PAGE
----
June 28, 2006

DT Bizarre Book Contest: Little Fur Family

little_fur_family.jpgTitle: Little Fur Family
Author/Illustrator: Margaret Wise Brown, Garth Williams
Reviewed by: Eric

This may be the strangest children's book I've ever had the pleasure of reading to my 18 month old son 1,000X in a row, by request.

It's hard to put my finger on exactly why, but this book just feels like it was written by aliens who had studied our culture long enough to create a passable facsimile of a children's storybook (a family of bears, a young boy goes off on an adventure through the woods, a sneeze as deus ex machina [someone should write their doctoral thesis on that odd trope, btw], a bedtime finale) but who nevertheless didn't quite have a full grasp of how to pull those elements off in a way that felt, well, completely human (think Ford Prefect's eponymous gaff).

For example, everyone in this family looks rather anxious throughout the whole book, including the final page, entitled, "The End," with the young bear peering unsurely toward the distance, practically begging for the insertion of a question mark after the end title.

Then there is the strange passage with the grandfather, who looks none too happy to see the boy, their entire relationship seemingly predicated on seasonal allergies.

But by far the freakiest passage is during the bear's exploration of his natural environs. He plucks a fish from the water; it stares coldly and accusingly at the boy. And then he experiences what can only be described as an existential feedback loop, as he encounters what appears to be a miniature version of himself, quickly scampering in a panic out of view.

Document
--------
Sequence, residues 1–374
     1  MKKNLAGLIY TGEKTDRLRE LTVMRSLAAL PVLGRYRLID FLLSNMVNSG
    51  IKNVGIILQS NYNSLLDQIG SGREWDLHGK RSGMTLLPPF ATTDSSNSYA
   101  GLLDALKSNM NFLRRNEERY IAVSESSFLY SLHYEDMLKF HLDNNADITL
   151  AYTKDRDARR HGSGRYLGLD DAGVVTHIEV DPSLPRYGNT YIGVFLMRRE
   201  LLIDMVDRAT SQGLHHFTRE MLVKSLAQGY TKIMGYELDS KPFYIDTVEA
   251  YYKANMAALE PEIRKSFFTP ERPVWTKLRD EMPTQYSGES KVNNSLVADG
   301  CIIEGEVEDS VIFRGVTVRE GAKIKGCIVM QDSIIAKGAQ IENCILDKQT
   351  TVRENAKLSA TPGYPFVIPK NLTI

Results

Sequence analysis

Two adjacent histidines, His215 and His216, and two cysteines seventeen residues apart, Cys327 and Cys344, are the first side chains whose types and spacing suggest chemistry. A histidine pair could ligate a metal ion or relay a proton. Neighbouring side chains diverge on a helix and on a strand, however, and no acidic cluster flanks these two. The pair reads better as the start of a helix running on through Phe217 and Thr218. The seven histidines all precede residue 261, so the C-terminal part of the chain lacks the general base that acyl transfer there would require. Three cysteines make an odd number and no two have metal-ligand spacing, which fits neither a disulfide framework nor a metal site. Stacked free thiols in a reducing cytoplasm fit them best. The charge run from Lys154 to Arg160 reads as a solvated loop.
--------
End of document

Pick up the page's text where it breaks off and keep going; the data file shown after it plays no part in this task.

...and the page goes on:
As the (full-sized) boy likewise runs home, he is seranaded to sleep by his parents, who creepily (and, I'm sure, off-key) inform him, "this is a song." But, hey, they're not ursine androids, they're a soft and furry family! Just feel the cover!

Goosebumps and shivers for me, endless delight for my son. Who knows, maybe he'll grow up to be a David Lynch fan.

5 Comments

haha - i always change the line "this is a song" to "this is YOUR song" when i read this one to my kids. something's not right about the original line. this was a gift to us from a friend who gives this book to every new baby she knows, and has been doing so for years. now we do that too. just spreading the creepiness.

It's worth pointing out that this was written by Margaret "Goodnight Moon" Wise Brown. I dunno if that counts for anything or not -- it certainly is a weird little book.

We own the "furry" cover version. I sing the song exactly like it's written to my daughter every night, only I sing it like a funeral dirge. this book freakin' rocks.

I also love it also for its strange rhythms and turns of phrase: It was a wild wild wood...,through the dark and sunny woods..., just as the darkness grew very dark...

MWB is had a great knack for dismantling the sing-song of children's books in a way that's still satisfyingly weird today. and we haven't even talked about the creepy bunny boat in Runaway bunny...

totally agree about the weirdness, fabulousness and hypnotic power of the language in this. (and hello, FUR COVER!) margaret wise brown rocks. the fact that i don't want to kill myself given how often my 20-month-old demands to hear goodnight moon and the big red barn is testament to her genius.

there's a biography of her i'd like to read (margaret wise brown: awakened by the moon, by leonard marcus) but haven't gotten around to.

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